PrefaceI. Introduction A. Discovery of Fission B. Scope of the Book ReferencesII. The Fission Barrier A. Liquid Drop Model 1. Introduction 2. Potential Energy Mapping and the Fission Barrier 3. Barrier Curvature B. Single Particle Model 1. Introduction 2. Single Particle Calculation of Deformation Energy C. Strutinsky Hybrid Model 1. The Shell Correction Method 2. Predicted Barriers for Superheavy Elements 3. Extension of the Strutinsky Method to Reflection-Asymmetric Saddle-Point Shapes D. Fission Barrier Height Systematics E. Excitations at the Saddle Point ReferencesIII. Spontaneous Fission A. Introduction B. Systematics of Ground State Spontaneous Fission Half Lives C. Penetration of the Fission Barrier D. Spontaneously Fissionable Isomers ReferencesIV. Fission Widths from Neutron Resonance Studies A. Resonance Spin Determinations 1. Neutron Scattering 2. Interference between Levels 3. Nuclear Orientation 4. Transmission of Polarized Neutrons through Polarized Targets 5. Gamma-Ray Multiplicities 6. Relative Intensity of Specific Capture Gamma Rays B. Average Fission Widths C. Width Distributions D. Fission Characteristics which Apparently Depend on Resonance Spin 1. Mass Asymmetry 2. Kinetic Energy Release 3. Neutron Multiplicity 4. Ratio of Ternary to Binary Fission E. Intermediate Levels in the Two Potential Wells of Heavy Nuclei F. The n, γf Process ReferencesV. Properties of Low-Lying Levels of Transition Nuclei Determined from Reaction Studies A. Introduction B. Photofission 1. Even Nucleus Targets 2. Odd Mass Targets C. Neutron-Induced Fission 1. Odd-Mass Transition Nuclei (Formed by Neutron Fission of Even-Even Targets) 2. Odd-Mass Transition Nuclei (Two-Humped Barrier Penetration) 3. Even-Even Transition Nuclei (Formed by Neutron Fission of Odd-N Targets) D. Fission of Nuclei Excited in Direct Reactions 1. Introduction 2. Fission of Even-Even Transition Nuclei 3. Fission of Odd-A Transition Nuclei ReferencesVI. Fission-Fragment Angular Distributions at Moderate to High Excitation Energies A. Introduction B. Theory of Angular Distributions for Transition States Described by a Statistical Model 1. Exact Theoretical Expression 2. Approximate Theoretical Expressions 3. Comparisons of the Various Theoretical Expressions C. Experimental Fission-Fragment Angular Distributions D. Modification in Theory to Account for Nuclear Pairing E. Shape of the Transition Nucleus F. Angular Anisotrophy of Fission Fragments of Particular Mass G. Angular Correlation Between Fission Fragments ReferencesVII. Competition Between Fission and Neutron Emission A. Experimental Determination of Γn/Γf Values at Low and Moderate Excitation Energy 1. Fission Cross Sections 2. Photofission and Photoneutron Cross Sections 3. Mean Values of Гn/Гf Deduced from Higher Energy Neutron Fission Cross Sections 4. Mean Values of Гn/Гf Derived from Charged Particle-Induced Spallation Cross Sections 5. Summary of Experimental Values of Гn/Гf B. Theoretical Expectations for Гn/Гf 1. The Neutron and Fission Widths at Low Energies 2. Excitation Energy Dependence of Гn/Гf 3. Deformation Dependence of the Level Density Parameter a C. Effect of Angular Momentum on Гn/Гf 1. Theoretical Considerations 2. Comparison with Experiment 3. Direct Fission ReferencesVIII. Fission Barrier Heights A. Experimental Values of Fission Barrier Heights B. Methods of Determining Fission Barrier Heights from Reactions 1. Barrier Heights from Excitation Energy Dependence of Гn/Гf 2. Barrier Heights from (n, f), (t, pf), (t, df), and (d, pf) Excitation Functions 3. Barrier Heights from Photofission Excitation Functions 4. Barrier Heights for Nuclei Exhibiting a Double Barrier ReferencesIX. Motion from Saddle to Scission: Theories of Mass and Energy Distributions A. Introduction B. Adiabatic Models 1. The Liquid Drop Model 2. Single Particle Effects on the Potential Energy Surface and on the Dynamics of the Descent from Saddle to Scission C. Nonadiabatic Models of Fission 1. Statistical Theory of Fission 2. A Model of Kinetic Dominance ReferencesX. Kinetic Energy Release in Fission A. Dependence of the Total Kinetic Energy on the Charge and Mass of the Fissioning Nucleous B. Dependence of the Total Kinetic Energy on the Mass Division C. Dependence of the Total Kinetic Energy on Excitation Energy D. Dependence of the Total Kinetic Energy on Angular Momentum E. Dependence of the Total Kinetic Energy Release on Charge Division ReferencesXI. Distribution of Mass and Charge in Fission A. Mass Distributions 1. Introduction 2. Spontaneous Fission 3. Particle-Induced Fission 4. Fine Structure in Primary Fission-Fragment and Fission Product Mass Distributions 5. Mass Distribution for Spontaneous Fission Isomers B. Charge Distributions 1. Charge Distributions in Low Energy Fission 2. Dependence of Charge Division on Excitation Energy ReferencesXII. Prompt Neutrons from Fission A. Introduction B. Total Neutron Yield in Low Energy Fission 1. Time Scale of Neutron Emission 2. Average Neutron Yield v for Various Fissioning Species 3. Distribution of Neutron Emission Numbers 4. Dependence of Neutron Yield on Excitation Energy 5. The Neutron Energy Spectrum C. Dependence on Neutron Yield in Low Energy Fission D. Correlation Between Neutron Yields of Complementary Fragments E. Dependence of Neutron Kinetic Energy on Fragment Mass ReferencesXIII. Gamma Rays from Primary Fission Products A. Introduction B. Gamma Rays from Fragments of All Masses 1. The Time of Emission 2. The Gamma-Ray Energy Spectrum 3. Angular Distribution of Fission Gamma Rays C. Dependence of Gamma-Ray Yield and Energy on Fragment Mass D. K x Rays and Conversion Electrons E. Isomeric Yield Ratios and Rotational State Populations as a Measure of Fragment Angular Momentum 1. Isomeric Yield Ratios 2. Gound State Band Populations 3. Anisotropies of Specific Deexcitation Gamma Rays F. Theoretical Estimates of Fission-Fragment Angular Momentum ReferencesXIV. Ternary Fission A. Light-Particle-Accompanied Fission 1. Mechanism for Charged Particle Emission During Fission 2. Dependence of Yield on Nuclear Species and Excitation Energy 3. Relative Yields of the Different Light Particles 4. Angular and Energy Distributions of the Light Charged Particles 5. Dependence of the Probability of Alpha-Particle-Accompanied Fission on Mass Division 6. Energy Balance in Alpha-Accompanied Fission B. Fission in which Three Fragments of Comparable Mass are Produced ReferencesAuthor IndexSubject Index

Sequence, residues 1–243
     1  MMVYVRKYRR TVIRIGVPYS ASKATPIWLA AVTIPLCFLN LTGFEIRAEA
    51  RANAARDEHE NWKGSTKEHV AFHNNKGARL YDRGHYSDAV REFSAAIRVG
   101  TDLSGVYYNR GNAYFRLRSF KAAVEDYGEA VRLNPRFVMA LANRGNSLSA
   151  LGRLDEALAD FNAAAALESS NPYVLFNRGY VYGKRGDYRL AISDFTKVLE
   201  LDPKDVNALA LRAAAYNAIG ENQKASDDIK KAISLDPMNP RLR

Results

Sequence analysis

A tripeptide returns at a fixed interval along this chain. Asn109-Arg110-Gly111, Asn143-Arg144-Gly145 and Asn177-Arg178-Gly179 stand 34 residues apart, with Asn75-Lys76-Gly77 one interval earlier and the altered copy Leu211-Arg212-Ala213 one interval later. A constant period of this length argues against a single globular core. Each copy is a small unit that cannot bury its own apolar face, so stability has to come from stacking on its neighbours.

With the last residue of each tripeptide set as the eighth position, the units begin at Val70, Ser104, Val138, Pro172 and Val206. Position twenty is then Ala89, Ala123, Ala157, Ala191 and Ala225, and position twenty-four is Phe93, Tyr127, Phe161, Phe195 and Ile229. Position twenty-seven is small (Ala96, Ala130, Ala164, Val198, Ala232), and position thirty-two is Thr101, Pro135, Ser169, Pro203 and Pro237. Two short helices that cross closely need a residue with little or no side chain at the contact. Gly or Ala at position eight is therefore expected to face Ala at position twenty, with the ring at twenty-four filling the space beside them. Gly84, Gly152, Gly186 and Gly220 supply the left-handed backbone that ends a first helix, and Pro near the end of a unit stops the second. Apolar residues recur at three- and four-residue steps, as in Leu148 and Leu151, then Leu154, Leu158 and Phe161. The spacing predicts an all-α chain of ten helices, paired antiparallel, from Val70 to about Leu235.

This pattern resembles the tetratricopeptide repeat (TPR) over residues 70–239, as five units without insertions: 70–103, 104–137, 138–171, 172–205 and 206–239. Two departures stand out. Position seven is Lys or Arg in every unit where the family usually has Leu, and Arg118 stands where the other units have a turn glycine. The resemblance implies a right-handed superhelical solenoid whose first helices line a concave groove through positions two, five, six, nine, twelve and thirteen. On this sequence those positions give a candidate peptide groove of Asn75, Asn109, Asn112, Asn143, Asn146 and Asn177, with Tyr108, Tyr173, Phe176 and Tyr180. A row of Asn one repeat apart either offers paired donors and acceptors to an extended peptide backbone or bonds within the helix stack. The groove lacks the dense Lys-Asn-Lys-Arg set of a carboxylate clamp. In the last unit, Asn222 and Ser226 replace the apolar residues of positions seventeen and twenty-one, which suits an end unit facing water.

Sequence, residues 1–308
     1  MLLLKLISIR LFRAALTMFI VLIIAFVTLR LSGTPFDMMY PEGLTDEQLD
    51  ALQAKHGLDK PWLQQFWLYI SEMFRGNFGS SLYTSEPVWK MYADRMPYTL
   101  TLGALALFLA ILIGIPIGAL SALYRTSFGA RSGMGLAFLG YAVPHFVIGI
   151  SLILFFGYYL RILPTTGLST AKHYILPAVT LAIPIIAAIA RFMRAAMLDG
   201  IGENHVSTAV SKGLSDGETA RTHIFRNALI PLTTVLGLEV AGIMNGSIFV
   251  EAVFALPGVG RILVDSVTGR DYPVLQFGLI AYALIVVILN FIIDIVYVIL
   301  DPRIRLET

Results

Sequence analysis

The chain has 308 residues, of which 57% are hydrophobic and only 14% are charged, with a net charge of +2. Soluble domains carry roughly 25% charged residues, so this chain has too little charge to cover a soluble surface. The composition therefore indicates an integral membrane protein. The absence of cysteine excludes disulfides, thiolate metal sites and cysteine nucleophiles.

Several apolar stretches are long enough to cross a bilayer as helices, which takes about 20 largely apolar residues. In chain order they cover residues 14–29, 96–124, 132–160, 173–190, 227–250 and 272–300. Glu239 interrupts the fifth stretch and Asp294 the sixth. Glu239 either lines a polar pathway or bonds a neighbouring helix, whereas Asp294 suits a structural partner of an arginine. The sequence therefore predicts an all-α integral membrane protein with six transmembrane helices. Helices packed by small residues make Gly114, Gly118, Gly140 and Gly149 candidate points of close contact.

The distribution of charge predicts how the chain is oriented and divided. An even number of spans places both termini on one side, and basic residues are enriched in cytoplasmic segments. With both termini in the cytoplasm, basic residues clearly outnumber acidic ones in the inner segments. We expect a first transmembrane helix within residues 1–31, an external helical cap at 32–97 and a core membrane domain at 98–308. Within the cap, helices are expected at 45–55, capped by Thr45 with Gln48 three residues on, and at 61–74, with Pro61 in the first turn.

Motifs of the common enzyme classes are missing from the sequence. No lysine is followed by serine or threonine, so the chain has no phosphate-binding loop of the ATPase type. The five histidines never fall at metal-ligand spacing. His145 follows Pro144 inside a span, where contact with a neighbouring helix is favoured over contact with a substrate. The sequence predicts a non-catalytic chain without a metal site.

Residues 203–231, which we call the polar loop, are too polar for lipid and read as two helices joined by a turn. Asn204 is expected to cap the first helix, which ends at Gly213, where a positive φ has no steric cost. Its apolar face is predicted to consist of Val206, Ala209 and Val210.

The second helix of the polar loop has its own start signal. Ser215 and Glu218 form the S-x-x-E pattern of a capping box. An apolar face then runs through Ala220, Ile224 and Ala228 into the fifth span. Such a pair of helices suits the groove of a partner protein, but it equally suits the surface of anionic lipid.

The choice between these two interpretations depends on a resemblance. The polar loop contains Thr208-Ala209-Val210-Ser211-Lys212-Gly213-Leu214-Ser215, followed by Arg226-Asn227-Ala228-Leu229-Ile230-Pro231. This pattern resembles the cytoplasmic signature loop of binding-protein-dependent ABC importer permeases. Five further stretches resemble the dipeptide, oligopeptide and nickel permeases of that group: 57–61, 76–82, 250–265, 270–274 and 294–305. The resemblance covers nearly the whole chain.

- No. of pages: 432
- Language: English
- Edition: 1
- Published: January 28, 1973
- Imprint: Academic Press
- eBook ISBN: 9780323150521